The first example of anti-Dia was discovered in Venezuela in 1956, as a cause of hemolytic disease of the newborn. The family was Caucasian but there appeared to be Native American admixture. This led to the recognition that Dia was a useful marker for persons of Mongolian descent while being of very low frequency in other populations. The frequency in Native Americans ranges from 2-36% while 3-10% of Orientals are positive. Anti-Dib was not recognized until 1967 when two examples were reported in two Mexican women that were being transfused.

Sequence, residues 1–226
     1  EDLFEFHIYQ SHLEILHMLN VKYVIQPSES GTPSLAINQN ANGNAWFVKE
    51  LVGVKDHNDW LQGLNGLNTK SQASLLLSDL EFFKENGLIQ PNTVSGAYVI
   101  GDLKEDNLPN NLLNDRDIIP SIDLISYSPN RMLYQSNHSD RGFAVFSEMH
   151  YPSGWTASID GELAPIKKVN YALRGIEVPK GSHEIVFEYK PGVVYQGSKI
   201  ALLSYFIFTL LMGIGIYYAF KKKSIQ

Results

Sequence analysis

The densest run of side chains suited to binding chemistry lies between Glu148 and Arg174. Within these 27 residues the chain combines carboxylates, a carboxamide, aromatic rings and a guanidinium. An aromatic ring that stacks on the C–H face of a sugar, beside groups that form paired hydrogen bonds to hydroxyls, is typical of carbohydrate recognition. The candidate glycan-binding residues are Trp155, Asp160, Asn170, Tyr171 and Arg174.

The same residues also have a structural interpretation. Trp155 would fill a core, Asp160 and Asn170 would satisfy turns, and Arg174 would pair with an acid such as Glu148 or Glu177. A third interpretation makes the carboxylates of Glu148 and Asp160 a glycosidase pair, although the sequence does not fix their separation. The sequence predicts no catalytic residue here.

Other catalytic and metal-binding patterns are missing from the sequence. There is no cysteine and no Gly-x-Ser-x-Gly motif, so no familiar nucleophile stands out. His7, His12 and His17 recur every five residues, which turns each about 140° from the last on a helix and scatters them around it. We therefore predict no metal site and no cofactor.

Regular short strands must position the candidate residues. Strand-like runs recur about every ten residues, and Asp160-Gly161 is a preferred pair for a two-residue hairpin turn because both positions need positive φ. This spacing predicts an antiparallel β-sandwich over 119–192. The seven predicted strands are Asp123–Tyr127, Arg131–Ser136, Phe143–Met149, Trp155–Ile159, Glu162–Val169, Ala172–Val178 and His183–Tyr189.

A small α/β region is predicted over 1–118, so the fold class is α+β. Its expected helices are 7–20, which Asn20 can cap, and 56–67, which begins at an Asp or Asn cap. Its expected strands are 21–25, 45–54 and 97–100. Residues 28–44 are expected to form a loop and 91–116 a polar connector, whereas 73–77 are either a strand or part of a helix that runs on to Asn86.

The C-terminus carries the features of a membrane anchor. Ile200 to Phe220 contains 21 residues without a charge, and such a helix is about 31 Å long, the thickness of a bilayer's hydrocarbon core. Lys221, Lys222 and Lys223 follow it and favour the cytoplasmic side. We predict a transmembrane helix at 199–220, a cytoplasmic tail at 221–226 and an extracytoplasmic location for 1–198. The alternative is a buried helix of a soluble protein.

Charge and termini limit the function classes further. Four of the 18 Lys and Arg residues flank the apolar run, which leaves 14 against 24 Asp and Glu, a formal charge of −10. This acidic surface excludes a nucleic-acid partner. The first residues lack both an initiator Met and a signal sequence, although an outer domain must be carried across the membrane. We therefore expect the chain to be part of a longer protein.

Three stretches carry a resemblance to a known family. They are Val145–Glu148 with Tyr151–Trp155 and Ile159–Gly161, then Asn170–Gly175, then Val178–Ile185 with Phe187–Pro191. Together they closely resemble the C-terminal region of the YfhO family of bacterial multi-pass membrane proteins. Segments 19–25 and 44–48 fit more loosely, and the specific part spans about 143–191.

The Diego system remained a two antigen system until the 1990s when Dia, Dib and the Wright antigens (Wra and Wrb) were determined to be amino acid substitutions on band 3, the anion exchange protein (AE1). The system quickly expanded when other antigens of low frequency were also identified on band 3 including: ELO, Redelberger, Traversu, Warrior, Wulfsberg, VanVugt, Waldner, Bishop, Hughes and Moen. No red cell lacking band 3 has been reported for this system which may indicate that its loss is lethal. There has been only one report of the Di(a-b-) phenotype. Antibodies to Wra are frequently found in patients having autoimmune hemolytic anemia or individuals having a positive direct antiglobulin test.